Dorfmann was the daughter of a merchant. Her elder brother and sister both played the piano and Ania received her early musical education in Odessa, giving her first solo public concert at the age of eleven. The success of this concert led to plans being made for her to travel to Paris to study with Isidor Philipp; however, her father died at this time and the journey was postponed. When she did finally arrive in Paris with her mother, she was to stay for just under a year, returning to find her native land already in the throes of revolution. In 1920 she and her mother settled in France and during the next decade Dorfmann played frequently in Europe, collaborating with conductors such as Willem Mengelberg, Thomas Beecham and Henry Wood.
In 1936 Dorfmann made her debut at New York’s Town Hall with works by Beethoven, Schumann, Liadov and Chopin. Critics had reservations about the strength of her musicality, but admired the ‘rapidity and clarity’ of her technique. Further recitals at the same venue in 1938 and 1939 brought Dorfmann to the attention of Arturo Toscanini who engaged her to play Beethoven’s Choral Fantasia with him; she was apparently the first female soloist to be conducted by him. She subsequently played the Beethoven concertos with Toscanini and in 1945 recorded the Piano Concerto No. 1 Op. 15 with him. Dorfmann continued a performing and recording career in America during the 1950s and spent her later years on the piano faculty of New York’s Juilliard School of Music.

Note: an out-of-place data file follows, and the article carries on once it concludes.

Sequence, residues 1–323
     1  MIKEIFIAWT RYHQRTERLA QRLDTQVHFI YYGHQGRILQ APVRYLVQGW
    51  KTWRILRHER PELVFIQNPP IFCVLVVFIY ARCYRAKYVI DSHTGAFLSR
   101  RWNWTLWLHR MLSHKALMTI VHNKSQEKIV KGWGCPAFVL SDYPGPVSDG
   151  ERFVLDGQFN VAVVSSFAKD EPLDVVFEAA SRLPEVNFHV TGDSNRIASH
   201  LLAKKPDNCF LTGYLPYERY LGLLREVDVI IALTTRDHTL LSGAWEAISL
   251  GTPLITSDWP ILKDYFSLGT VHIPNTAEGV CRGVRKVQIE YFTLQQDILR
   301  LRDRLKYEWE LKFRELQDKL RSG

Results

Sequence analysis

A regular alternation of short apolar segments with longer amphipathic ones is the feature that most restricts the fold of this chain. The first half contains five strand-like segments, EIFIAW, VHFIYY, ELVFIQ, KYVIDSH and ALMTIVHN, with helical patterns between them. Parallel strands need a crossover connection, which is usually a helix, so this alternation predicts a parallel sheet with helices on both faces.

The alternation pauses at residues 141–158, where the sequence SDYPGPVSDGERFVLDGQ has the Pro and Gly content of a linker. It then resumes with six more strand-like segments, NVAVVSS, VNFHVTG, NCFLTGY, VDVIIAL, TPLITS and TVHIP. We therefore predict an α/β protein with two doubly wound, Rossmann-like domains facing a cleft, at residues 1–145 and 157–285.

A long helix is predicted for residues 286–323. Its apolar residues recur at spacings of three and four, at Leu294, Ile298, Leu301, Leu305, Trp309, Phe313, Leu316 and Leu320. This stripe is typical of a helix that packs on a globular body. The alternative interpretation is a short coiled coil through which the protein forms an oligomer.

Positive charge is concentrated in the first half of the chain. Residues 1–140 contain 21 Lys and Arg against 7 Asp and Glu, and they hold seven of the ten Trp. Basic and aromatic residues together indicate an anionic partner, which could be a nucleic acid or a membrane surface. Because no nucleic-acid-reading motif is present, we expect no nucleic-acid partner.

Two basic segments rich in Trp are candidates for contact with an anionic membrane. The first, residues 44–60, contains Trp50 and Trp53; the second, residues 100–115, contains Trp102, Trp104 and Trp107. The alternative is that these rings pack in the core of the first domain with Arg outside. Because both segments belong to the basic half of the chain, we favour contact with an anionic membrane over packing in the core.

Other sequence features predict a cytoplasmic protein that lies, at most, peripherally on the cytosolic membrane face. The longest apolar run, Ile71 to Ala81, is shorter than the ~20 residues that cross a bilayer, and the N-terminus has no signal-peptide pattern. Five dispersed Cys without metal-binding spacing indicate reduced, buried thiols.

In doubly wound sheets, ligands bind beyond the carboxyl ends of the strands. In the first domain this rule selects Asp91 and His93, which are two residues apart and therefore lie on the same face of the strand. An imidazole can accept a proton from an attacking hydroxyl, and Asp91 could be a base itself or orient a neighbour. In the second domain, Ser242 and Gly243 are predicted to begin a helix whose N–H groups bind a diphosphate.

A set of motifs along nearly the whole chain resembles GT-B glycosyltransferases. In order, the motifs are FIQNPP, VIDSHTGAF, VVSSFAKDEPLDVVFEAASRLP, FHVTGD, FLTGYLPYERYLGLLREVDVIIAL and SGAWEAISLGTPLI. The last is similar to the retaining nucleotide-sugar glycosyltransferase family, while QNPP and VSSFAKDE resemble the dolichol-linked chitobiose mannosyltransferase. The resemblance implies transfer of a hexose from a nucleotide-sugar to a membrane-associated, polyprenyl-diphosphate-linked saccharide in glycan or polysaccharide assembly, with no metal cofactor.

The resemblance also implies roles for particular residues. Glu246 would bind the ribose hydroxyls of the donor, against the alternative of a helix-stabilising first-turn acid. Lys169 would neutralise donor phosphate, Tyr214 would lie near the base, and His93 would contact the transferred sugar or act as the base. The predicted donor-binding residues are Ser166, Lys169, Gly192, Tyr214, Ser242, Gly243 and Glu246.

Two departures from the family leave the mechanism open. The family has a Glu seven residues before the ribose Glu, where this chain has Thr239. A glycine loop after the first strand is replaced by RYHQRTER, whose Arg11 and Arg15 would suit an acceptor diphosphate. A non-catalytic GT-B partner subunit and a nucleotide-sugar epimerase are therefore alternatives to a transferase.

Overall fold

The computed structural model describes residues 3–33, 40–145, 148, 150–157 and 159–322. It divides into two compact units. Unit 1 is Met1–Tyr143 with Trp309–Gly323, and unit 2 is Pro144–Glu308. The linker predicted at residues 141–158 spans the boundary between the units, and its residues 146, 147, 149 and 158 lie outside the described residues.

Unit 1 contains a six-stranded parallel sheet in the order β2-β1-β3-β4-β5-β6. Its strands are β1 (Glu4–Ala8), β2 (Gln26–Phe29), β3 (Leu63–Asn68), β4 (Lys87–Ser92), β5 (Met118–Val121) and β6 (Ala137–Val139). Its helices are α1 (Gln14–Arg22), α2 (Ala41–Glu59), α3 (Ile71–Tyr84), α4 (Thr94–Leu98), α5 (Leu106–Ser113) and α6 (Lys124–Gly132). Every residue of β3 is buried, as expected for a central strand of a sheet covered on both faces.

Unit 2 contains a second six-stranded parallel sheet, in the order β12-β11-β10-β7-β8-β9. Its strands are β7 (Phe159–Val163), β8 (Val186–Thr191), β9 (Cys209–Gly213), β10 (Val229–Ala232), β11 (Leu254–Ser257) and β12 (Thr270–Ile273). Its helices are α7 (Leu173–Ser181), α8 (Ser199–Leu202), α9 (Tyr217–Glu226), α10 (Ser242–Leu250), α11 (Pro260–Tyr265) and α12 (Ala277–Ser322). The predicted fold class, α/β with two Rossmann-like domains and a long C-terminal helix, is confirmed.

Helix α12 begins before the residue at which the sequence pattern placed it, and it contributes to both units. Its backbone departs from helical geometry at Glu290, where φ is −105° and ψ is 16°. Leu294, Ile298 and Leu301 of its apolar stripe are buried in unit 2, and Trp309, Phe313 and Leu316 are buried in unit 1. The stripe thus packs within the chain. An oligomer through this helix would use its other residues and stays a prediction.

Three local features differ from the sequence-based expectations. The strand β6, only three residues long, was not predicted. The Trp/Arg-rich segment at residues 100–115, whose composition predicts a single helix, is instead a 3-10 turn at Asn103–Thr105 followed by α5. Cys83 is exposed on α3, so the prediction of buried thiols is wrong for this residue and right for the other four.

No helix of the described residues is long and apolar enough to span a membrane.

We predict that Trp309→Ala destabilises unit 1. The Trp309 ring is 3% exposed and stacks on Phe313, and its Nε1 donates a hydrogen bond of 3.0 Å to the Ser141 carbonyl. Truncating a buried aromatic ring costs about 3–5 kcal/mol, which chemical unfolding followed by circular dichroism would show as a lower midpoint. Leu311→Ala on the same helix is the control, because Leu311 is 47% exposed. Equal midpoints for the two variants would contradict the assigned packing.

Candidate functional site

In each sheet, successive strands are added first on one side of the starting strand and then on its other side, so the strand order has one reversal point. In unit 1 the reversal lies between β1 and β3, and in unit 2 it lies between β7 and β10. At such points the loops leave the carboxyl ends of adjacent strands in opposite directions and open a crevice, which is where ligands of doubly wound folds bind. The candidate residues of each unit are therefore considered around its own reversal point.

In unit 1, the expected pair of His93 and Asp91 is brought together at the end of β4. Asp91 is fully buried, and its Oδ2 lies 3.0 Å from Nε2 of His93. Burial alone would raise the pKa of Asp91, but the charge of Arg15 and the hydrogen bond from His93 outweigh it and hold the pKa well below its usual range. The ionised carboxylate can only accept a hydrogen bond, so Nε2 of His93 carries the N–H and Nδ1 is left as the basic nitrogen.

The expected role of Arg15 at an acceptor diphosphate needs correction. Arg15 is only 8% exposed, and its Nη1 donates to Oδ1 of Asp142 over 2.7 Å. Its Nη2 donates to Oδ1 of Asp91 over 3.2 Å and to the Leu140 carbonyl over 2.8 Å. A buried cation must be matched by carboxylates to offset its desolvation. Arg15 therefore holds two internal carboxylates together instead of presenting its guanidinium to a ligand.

As a result of her success in England in the early 1930s, Dorfmann made a series of recordings for Columbia throughout this decade. Many encore pieces by Chopin, Liszt, Debussy and Weber were recorded, but she also recorded Mendelssohn’s Piano Concerto No. 1 in G minor Op. 25 with the London Symphony Orchestra and Walter Goehr. These discs show that Dorfmann had a fine technique that was certainly ‘rapid and clear’ as one critic had noted. However, her Debussy is rather inflexible and her Liszt Hungarian Rhapsody No. 10 extremely mannered.
For RCA Victor in America Dorfmann recorded the same Mendelssohn concerto, this time with Erich Leinsdorf and the Robin Hood Dell Orchestra; it was coupled with a recording of the Grieg Piano Concerto Op. 16. Her recording of Mendelssohn’s Lieder ohne Worte shows much sensitivity and fine tonal playing. Other recordings from the LP era include sonatas by Beethoven, a recital disc which includes Ravel’s Sonatine, and Schumann’s Carnaval Op. 9 and Fantasiestücke Op. 12.
© Naxos Rights International Ltd. — Jonathan Summers (A–Z of Pianists, Naxos 8.558107–10).